Despite the problems caused by the Corona-virus our Webshop and the contact forms on our website are fully available. You may also address your inquiries to firstname.lastname@example.org. Thank you for your understanding if our answer takes longer as usual because of the current restrictions. Your Universal Edition Team
I composed Concertino while I was still studying at the Conservatory in Milan with Giorgio Federico Ghedini. I remember the deep impression Ghedini’s instrumental music made on me in those years, and it is therefore inevitable that its impact has filtered into my Concertino.
But there is also something else behind Concertino: I was born in a small town in Italy near the French border, far from the so-called cultural centres. There I lived until the age of eighteen, studying and learning everything I could about my heritage. I never felt regretful nor underprivileged by living in a provincial town, but I felt injured and angry when, in 1945, with the end of Fascism, I realized the extent and the depth of the cultural deprivation that it had imposed upon me. That same year (I was already twenty) for the first time in my life I was able to hear the music of Schoenberg, Milhaud, Hindemith, Bartók, Webern, etc.- that is, the real voices of my European heritage. These composers, and others as well, had previously been forbidden by Fascist “cultural politics”. The impact was traumatic to say the least, and it took me at least five years to recover from it. I believed, and still do, that the best way to deal with traumatic experiences is to cope with them to the end and, if possible, to exorcize them on their own ground.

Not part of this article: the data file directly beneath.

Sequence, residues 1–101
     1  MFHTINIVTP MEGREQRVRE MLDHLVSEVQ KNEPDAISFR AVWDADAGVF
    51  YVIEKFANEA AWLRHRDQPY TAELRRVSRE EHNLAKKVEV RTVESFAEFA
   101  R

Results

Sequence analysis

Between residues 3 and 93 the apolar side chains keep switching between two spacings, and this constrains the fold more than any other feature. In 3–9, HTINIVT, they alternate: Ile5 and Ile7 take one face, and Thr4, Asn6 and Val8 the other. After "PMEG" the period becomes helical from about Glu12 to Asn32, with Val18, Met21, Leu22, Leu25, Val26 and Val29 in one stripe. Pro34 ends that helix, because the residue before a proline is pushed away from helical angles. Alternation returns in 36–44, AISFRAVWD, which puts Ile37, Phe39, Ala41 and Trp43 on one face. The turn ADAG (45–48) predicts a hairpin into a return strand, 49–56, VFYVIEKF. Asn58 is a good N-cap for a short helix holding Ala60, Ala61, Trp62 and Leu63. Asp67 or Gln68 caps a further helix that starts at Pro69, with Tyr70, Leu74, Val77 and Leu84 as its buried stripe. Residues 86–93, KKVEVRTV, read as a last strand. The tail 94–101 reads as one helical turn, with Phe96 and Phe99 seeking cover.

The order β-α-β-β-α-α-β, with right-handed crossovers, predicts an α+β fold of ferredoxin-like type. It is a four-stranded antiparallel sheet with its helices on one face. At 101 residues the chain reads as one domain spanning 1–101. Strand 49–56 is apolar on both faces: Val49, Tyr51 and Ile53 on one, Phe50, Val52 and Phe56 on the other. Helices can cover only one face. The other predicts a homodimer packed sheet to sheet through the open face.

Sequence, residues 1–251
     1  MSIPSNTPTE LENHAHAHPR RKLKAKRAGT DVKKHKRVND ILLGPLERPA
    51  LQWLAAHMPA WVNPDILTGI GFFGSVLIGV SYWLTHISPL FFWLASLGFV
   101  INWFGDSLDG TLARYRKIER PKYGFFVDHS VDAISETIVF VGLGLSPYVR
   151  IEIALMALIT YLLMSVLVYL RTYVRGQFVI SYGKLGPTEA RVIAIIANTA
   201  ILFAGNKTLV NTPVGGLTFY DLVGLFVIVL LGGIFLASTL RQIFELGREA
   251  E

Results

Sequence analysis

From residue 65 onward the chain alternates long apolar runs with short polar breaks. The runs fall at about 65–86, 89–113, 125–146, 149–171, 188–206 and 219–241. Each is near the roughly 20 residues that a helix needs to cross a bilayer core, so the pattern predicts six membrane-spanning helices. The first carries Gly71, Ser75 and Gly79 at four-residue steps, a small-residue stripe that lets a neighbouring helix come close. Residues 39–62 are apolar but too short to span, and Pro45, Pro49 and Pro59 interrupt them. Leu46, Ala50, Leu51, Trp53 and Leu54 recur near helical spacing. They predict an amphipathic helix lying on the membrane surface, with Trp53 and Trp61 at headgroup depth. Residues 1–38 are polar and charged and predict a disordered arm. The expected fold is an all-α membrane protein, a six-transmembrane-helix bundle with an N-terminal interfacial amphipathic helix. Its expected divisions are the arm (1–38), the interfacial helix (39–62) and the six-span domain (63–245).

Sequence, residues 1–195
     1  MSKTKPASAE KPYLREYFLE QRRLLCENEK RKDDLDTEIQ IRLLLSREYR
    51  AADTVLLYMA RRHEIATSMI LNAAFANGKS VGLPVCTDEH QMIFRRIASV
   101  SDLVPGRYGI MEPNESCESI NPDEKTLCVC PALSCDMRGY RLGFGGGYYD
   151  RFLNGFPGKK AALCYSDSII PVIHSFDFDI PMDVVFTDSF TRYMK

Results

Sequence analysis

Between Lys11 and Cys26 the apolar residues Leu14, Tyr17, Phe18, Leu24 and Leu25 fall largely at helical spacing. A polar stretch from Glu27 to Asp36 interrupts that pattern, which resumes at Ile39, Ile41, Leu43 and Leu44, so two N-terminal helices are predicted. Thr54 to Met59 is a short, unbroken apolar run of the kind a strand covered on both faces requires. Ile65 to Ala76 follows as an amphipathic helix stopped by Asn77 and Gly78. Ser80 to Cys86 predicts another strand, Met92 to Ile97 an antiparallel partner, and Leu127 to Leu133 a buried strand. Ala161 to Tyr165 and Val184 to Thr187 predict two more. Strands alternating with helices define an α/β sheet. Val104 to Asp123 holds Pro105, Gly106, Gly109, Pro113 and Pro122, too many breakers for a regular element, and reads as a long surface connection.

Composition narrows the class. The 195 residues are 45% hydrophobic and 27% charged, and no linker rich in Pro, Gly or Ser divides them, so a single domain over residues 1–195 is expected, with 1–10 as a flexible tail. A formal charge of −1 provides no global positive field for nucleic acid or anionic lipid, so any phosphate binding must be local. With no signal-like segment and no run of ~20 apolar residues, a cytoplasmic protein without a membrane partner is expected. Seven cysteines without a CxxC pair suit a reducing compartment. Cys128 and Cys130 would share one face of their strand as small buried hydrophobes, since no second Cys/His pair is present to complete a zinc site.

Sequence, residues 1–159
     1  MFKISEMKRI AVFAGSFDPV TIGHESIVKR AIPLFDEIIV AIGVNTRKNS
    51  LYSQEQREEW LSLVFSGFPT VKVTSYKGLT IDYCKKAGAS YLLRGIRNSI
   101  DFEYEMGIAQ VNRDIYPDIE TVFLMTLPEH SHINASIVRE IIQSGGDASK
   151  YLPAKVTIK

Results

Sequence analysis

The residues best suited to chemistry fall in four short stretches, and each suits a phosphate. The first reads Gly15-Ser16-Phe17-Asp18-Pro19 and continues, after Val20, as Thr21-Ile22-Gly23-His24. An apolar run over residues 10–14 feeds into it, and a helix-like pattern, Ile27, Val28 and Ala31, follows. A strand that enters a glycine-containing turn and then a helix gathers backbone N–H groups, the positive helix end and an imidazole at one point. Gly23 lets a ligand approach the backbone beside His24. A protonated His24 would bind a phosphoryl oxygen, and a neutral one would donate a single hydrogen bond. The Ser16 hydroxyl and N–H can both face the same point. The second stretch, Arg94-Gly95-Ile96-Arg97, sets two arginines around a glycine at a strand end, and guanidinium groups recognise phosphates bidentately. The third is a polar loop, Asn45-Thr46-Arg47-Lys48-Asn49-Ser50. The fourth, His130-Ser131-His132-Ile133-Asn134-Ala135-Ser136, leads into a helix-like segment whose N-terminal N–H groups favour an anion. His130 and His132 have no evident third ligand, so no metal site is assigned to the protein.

These are the premises of Concertino, written in 1950. It was one of my last exorcisms of the experiences and encounters of those years and, I think, my last tribute to them.